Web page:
it is an interesting fun hobby albeit time consuming.... growing oaks from acorns, and man types from seed and cuttings.

    what kinda trees are you thinking about planting?
    what kinda bushes?

    you might be able to find cuttings/rooted cuttings here for cheap or trade...

    I have several types I would sell/trade ya cheap.
     
  4. BearCreekFarm

    BearCreekFarm Well-Known Member

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    You might check out your state department of conservation and/or forestry. We are getting several thousand trees planted next spring by our local conservation office. They charge for the labor but it is cheap. Some places you can borrow a planter and do it yourself.

    We are going to get a few hundred each of-
    red oak
    sugar maple
    american plum
    crabapple
    norway pine
    some kind of spruce, can't remember which one
    some poplars

    next year we will be getting-
    black walnut
    nanking cherry
    hedge roses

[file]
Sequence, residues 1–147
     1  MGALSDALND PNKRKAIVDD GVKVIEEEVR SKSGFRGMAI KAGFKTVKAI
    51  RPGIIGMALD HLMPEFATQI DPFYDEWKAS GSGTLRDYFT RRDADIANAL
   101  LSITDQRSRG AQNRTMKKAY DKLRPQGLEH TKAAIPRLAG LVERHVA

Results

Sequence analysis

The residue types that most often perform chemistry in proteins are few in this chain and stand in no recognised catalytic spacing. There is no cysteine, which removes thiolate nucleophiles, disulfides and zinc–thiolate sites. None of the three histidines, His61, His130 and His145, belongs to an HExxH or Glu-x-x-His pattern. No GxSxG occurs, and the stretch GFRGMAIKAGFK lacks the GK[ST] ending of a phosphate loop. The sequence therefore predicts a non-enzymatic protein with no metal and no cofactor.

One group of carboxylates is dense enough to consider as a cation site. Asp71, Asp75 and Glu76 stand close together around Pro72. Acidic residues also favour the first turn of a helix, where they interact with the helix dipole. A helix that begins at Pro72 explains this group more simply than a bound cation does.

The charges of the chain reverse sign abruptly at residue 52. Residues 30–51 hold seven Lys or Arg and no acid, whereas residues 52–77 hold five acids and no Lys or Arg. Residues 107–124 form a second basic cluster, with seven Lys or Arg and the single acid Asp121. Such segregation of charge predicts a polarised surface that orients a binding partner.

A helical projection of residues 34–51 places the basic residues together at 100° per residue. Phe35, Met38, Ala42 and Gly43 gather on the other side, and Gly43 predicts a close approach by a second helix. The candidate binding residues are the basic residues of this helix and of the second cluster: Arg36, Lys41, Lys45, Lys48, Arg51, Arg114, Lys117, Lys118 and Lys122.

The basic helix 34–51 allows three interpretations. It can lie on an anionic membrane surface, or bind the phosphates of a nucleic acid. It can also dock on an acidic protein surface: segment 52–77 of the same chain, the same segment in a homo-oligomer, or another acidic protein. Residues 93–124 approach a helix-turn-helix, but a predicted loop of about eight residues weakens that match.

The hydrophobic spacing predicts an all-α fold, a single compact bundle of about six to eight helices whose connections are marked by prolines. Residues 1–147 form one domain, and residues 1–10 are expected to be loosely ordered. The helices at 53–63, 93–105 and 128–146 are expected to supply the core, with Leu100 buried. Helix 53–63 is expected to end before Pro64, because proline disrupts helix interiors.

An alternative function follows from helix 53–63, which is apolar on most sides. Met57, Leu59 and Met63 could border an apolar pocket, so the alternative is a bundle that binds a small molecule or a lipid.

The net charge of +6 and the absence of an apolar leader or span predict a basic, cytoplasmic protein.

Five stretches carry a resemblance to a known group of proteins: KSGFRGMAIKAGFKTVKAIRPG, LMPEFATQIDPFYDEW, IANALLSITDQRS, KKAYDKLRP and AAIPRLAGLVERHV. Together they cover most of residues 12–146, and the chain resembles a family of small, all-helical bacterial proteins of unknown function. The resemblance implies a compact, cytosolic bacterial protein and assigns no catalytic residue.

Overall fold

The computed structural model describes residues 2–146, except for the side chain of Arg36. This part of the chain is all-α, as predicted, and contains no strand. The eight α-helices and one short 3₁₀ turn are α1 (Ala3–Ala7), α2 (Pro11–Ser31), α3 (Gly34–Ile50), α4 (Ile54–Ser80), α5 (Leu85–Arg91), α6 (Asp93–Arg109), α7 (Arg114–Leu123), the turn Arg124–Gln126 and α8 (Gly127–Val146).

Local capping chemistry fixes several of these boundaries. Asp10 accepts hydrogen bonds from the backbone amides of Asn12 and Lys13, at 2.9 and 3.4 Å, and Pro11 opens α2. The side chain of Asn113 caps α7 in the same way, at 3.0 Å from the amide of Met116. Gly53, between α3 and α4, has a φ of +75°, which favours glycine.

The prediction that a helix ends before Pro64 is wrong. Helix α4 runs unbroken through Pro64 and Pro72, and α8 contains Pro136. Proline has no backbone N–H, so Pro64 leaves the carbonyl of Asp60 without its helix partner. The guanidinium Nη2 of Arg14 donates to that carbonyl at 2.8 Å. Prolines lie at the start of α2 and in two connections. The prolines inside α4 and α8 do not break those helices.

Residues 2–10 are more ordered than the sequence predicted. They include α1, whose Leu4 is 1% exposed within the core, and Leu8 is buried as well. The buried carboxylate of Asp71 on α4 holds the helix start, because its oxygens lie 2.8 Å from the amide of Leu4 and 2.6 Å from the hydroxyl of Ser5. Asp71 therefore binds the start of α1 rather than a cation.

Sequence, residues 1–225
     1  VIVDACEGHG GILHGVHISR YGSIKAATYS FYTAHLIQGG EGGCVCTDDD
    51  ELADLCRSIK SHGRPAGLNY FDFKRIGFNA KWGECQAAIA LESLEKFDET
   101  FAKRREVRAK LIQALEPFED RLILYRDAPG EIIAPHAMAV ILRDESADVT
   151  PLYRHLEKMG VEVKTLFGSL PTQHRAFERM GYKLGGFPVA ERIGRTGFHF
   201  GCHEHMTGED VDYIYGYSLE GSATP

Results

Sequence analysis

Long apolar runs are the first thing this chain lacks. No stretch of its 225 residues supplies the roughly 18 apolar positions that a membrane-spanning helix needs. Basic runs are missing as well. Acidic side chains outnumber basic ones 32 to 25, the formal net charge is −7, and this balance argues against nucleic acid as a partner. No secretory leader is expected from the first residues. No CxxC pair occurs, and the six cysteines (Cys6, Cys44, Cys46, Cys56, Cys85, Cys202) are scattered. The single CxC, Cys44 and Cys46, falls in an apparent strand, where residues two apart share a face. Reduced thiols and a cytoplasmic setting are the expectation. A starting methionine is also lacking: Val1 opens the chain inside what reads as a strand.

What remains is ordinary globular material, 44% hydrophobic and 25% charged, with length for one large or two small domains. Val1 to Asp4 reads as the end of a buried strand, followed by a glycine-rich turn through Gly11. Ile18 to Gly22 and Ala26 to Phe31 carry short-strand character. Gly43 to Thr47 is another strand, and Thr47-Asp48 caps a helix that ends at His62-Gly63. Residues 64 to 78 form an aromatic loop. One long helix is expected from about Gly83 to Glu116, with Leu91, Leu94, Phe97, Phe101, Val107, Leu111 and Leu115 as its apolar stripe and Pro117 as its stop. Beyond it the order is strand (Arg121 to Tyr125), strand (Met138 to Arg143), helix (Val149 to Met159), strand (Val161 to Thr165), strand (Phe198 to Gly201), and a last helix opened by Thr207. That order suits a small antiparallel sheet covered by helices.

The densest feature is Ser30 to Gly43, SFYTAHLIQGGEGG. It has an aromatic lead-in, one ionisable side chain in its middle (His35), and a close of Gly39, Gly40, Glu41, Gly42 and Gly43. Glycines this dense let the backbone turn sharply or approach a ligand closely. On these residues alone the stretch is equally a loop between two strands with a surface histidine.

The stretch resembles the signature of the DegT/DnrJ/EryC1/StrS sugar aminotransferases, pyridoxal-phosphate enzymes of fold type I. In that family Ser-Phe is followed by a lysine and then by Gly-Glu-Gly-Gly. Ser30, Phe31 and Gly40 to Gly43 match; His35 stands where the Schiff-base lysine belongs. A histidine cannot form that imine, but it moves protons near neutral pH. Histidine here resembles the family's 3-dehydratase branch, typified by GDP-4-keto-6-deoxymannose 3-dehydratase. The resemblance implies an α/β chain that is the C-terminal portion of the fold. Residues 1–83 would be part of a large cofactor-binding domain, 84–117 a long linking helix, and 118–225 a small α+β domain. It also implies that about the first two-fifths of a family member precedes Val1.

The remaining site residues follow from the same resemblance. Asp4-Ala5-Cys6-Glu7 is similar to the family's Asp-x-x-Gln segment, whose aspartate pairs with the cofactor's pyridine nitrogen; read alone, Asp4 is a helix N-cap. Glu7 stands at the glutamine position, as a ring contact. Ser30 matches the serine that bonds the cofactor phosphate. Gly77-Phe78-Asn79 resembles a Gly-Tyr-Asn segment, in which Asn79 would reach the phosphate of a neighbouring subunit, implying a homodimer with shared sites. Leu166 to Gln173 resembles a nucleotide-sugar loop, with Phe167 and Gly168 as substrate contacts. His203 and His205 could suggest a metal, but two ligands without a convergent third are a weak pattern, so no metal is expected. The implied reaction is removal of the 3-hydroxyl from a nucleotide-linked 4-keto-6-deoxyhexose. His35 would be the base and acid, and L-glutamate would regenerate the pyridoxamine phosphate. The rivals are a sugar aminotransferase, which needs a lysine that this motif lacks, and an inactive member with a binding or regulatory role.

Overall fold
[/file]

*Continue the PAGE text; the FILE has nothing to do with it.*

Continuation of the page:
dogwood
    hazelnut
    chokecherry
    and some lilacs
    plus more evergreens

    The cost per tree is $1.

    They have a pretty big variety of trees- tall ones, short ones, and shrubs. And, they can advise you on site prep and maintenance.
     
  5. fastbackpony

    fastbackpony Well-Known Member

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    Thanks for all the info - thats some amazing prices especially for bulk orders !

    I have been out looking for seedlings, and found a couple oak trees and have put one in my yard, and gave the other to my sister. Between all the family farms i'm sure there are lots of little oak, cottonwood, and i'm sure some hickory i could transplant to my place. The big thing for us right now is fruit trees - its going to be a long long time before anything bears fruit, so its important to get them going right away. I'm really wanting to provide more and more food for our family with our property, so fruit bushes and trees - even nut trees (if they would grow) are at the top of the list right now. CN - i don't think i'm patient enough to grow from seeds